I’ve just returned from both the Frankfurt European Compliance and Ethics Institute and the Women in Compliance Conference in London.  As always, conferences are whirlwind events – the sessions, the networking, the drinks receptions, exhibiting for Spark Compliance, meeting old friends and new ones alike.  It’s always interesting to see what the trends are, and this year was no different.

There are three big questions on everyone’s mind here in the UK and Europe this year.  The answer to each may strongly affect the profitability and success of each company, as well as the future of the compliance function. 

Question 1: What happens after Brexit?

The exiting of Britain from the European Union is going to be a multi-year process.  The news in London focuses on the changing positions and negotiations between the UK and EU, but companies are concerned only with how the outcome will affect them. 

One of the biggest concerns affecting UK and EU companies revolves around the immigration status and ability to work for its non-native employees.  London in particular is full of EU citizens who currently have the right to work in the UK without any visa status.  Likewise, many Brits are transferred into Europe by their companies each year.  Many employers are concerned that their highly-qualified and experienced team members (including compliance professionals) may have difficulty working within the UK after Brexit, and many Brits who have moved abroad to work in places like Paris or Madrid may find themselves without the automatic right to work within the EU.

This uncertainty is unlikely to be resolved soon, but it’s on everyone’s mind.

Question 2: What happens after GDPR comes into force?

The European General Data Protection Regulation comes into force on May 25, 2018.  This law increases penalties for non-compliance significantly – up to 4% of global annual turnover for the most egregious offenses. 

One looming question is how aggressively will GDPR be enforced?  Traditionally, data protection regulators have had much less power to sanction than anti-bribery enforcers like the UK Serious Fraud Office.  Will the new legislation create a hot-bed of immediate prosecutions?  Or will the enforcement start small, allowing companies more leeway in their implementation of new procedures?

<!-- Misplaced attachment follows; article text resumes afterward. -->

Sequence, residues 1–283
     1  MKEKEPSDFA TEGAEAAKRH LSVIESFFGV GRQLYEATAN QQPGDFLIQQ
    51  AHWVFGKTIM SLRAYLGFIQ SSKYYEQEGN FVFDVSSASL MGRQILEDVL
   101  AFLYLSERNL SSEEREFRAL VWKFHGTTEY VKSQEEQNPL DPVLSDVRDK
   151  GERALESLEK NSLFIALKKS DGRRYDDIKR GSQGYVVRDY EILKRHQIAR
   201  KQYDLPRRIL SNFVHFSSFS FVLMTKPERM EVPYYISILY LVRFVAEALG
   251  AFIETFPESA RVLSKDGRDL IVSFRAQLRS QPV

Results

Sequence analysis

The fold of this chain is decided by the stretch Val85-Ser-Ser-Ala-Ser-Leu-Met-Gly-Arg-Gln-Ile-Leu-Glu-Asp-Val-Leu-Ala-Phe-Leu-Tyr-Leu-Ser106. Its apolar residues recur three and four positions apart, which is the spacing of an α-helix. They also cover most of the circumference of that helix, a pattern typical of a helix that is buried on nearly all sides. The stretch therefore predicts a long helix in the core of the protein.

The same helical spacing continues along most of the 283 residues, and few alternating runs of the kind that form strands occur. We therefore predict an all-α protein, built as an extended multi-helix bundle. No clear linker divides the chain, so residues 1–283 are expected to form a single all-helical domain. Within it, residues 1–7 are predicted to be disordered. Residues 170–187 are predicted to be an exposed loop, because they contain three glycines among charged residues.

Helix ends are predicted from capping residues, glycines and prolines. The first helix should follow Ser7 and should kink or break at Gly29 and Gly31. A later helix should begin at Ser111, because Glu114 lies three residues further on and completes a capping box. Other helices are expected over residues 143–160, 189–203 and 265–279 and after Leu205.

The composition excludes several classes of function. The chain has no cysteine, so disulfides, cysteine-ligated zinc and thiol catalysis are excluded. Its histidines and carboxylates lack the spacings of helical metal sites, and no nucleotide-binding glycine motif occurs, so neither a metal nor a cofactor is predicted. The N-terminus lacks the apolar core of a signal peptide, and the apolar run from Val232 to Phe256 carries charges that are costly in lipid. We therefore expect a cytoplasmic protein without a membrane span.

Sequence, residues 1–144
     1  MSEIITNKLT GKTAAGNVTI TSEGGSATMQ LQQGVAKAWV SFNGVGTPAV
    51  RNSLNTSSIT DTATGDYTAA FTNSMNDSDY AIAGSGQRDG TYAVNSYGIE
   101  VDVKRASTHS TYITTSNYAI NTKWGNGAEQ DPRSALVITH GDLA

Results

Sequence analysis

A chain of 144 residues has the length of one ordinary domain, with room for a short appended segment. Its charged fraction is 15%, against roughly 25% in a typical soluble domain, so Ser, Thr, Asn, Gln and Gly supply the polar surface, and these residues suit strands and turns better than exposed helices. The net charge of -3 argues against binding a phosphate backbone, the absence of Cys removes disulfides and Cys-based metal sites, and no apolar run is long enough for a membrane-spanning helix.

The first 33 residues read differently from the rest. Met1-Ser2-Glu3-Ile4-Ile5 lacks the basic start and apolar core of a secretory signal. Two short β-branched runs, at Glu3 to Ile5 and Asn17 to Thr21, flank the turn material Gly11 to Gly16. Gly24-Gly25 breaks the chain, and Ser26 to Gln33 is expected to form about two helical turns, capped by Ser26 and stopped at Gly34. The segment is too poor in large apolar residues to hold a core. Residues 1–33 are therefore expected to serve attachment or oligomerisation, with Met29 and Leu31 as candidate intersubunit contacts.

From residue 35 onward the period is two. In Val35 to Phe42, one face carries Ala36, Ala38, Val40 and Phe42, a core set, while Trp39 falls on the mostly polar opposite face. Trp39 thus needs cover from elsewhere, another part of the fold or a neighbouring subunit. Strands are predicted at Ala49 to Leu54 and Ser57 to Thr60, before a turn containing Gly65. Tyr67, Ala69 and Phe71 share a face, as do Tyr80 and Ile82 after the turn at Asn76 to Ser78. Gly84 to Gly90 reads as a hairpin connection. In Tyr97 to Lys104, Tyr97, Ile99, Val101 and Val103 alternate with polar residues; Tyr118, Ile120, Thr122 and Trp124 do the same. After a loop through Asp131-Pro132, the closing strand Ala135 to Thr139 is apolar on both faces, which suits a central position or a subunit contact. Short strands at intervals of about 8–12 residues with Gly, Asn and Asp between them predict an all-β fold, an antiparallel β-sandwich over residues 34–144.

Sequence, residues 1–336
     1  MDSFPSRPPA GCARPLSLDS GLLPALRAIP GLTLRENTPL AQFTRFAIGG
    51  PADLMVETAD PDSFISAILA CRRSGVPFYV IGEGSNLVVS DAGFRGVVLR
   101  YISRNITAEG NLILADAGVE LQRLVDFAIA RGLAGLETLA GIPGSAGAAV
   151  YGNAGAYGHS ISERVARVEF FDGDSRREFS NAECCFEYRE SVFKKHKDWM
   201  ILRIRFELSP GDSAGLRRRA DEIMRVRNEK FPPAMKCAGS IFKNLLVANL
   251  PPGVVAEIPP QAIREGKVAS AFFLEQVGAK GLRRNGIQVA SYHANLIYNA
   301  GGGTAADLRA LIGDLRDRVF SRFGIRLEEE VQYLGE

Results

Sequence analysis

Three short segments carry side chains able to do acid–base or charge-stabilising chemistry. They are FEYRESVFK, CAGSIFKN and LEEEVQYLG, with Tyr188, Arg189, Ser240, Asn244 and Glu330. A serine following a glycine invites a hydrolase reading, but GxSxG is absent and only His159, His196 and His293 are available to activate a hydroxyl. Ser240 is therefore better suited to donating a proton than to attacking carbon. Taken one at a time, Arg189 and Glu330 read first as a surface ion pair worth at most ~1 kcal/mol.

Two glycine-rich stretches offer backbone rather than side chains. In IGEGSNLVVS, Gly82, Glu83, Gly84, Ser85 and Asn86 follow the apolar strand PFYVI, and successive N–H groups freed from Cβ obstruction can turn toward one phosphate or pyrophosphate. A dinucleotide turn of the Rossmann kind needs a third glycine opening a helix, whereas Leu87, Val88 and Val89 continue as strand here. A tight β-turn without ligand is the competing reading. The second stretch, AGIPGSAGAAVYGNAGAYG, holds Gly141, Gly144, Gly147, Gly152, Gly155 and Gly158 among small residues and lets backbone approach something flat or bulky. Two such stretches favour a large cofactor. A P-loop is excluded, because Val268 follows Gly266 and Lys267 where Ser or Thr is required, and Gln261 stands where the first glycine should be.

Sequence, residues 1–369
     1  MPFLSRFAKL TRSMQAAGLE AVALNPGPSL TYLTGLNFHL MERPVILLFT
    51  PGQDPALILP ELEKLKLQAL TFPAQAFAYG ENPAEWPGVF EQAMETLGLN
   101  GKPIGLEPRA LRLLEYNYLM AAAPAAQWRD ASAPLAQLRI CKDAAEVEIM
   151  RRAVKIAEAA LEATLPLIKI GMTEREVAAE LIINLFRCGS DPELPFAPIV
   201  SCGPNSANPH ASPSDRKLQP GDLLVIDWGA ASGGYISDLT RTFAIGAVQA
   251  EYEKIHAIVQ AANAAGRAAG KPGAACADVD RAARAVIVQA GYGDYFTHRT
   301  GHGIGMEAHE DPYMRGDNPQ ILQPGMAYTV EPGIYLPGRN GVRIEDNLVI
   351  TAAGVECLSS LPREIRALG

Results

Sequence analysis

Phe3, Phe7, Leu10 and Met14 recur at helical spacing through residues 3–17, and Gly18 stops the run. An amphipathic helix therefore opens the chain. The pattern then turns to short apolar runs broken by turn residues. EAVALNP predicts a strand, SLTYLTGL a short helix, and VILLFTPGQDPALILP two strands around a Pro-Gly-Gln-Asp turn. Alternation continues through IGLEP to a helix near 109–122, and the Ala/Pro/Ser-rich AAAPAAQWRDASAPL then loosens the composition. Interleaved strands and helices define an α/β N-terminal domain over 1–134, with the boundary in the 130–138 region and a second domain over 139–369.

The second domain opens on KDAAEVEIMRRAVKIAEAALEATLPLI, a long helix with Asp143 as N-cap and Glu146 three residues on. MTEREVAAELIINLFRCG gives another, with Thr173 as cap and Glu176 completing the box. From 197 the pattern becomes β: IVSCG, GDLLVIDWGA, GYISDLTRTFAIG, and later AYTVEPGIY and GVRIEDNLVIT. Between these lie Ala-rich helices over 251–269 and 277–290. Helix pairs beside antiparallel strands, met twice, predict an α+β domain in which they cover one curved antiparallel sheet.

While compliance professionals know that an ounce of prevention is worth a pound of cure, the changes required for many companies, with respect to their data management and marketing practices, make some loath to begin readiness reviews.  The enforcement community’s response to GDPR’s arrival will answer many of the questions currently on the minds of Europeans and Brits.

Question 3: Am I doing enough to protect myself from allegations of modern slavery?

The UK’s Modern Slavery Act has been in force for a couple of years.  It requires any commercial organization doing business within the UK with an annual global turnover of £36 million or more to provide a statement linked from the front page of its website stating what, if anything, it is doing to prevent modern slavery and human trafficking within its business and supply chain.

One of the challenges of Modern Slavery Act compliance is that the Act does not specify how far down the supply chain a company needs to go in order to be compliant.  Does a company simply need to look at its own activities?  Or does it need to scrutinize the activities of its main suppliers?  What about the sub-suppliers to its suppliers? 

Contracts, data privacy requirements, lack of audit rights and practicality all come into play for companies trying to ensure modern slavery and human rights abuses are eradicated from their supply chain.  The questions of how far a company needs to go to protect itself from the taint of association with modern slavery or human trafficking is one at the forefront of compliance professional’s minds here in the UK.

The Ultimate Question

All of these questions lead to the biggest question: What happens next?  It’s hard to know for sure of course, but my educated guess is that further enforcement is coming, data privacy rights will continue to clash with due diligence requirements, and that the world’s regulators will work more and more closely together such that borders become more transparent. 

As for the ultimate question, “How do I best protect the company from risk?”, finding the answer to that question is the top priority of every compliance professional, both in Europe and the rest of the world.